Canada protest against the Iranian elections, April 14, 2017. (AFP)

February 15, 2020

The two main political parties in Iran have “largely lost their social base,” according to a former Iranian minister.

Fearing a low turnout in the parliamentary elections scheduled for February 21, Iranian officials including Supreme Leader Ayatollah Ali Khamenei and President Hassan Rouhani have urged Iranians to vote.

“The public currently does not see much difference between reformists and conservatives,” Mostafa Moeen told the semi-official Khabar Online on Saturday.

Moeen was the Minister of Science under the reformist President Mohammad Khatami. He also ran for president in the 2005 presidential election.

“Unfortunately, both political parties have largely lost their social base,” Moeen said.

“In the eyes of society, especially the youth, the competition between reformists and conservatives in the political and electoral arena is an irrelevant matter at this point in time,” he said.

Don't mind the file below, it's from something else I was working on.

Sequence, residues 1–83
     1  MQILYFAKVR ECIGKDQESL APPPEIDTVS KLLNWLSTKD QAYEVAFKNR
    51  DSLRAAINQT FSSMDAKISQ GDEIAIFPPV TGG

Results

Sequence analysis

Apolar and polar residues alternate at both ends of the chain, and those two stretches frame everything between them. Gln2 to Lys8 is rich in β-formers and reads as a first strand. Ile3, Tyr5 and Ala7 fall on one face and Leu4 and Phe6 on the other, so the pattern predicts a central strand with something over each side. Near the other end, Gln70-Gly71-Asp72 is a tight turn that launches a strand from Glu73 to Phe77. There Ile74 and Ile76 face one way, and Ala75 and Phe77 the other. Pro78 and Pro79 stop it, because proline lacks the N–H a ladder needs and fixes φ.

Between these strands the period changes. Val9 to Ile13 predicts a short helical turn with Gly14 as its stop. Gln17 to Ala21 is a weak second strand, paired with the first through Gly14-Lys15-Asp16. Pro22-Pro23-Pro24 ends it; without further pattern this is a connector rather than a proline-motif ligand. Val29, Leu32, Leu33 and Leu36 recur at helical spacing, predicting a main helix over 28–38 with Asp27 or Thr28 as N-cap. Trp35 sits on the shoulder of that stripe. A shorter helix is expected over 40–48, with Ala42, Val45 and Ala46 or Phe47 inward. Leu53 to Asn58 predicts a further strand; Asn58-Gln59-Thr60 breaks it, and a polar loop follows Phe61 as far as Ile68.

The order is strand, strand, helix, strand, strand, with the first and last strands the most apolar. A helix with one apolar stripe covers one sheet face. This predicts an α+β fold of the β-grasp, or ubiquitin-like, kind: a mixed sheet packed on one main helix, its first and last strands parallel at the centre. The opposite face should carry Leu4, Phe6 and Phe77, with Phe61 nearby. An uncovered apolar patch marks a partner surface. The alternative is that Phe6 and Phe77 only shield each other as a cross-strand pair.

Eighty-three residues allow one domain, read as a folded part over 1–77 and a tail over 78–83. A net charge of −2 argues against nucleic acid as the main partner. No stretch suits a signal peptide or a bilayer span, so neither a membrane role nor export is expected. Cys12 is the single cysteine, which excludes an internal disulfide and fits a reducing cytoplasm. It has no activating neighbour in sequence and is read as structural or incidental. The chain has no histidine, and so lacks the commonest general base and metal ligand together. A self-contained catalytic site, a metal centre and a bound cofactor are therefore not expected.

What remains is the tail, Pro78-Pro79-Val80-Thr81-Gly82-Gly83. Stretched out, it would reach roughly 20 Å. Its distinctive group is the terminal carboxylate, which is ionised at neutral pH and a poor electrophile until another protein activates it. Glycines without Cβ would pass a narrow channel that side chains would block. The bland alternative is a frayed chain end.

The powerful Guardian Council, the country’s constitutional watchdog which vets prospective candidates, had barred thousands of mostly reformist and “moderate” candidates from entering the elections race.

Even if most of their candidates were not disqualified, reformists would have “probably” still failed to convince people to vote in the upcoming elections, said Moeen.

“Reformists, hardliners, game over” was a popular slogan amongst Iranian protesters in December 2017 and January 2018.

Al Arabiya

About Track Persia

Track PersiaTrack Persia is a Platform run by dedicated analysts who spend much of their time researching the Middle East, in due process we fall upon many indications of growing expansionary ambitions on the part of Iran in the MENA region and the wider Islamic world. These ambitions commonly increase tensions and undermine stability.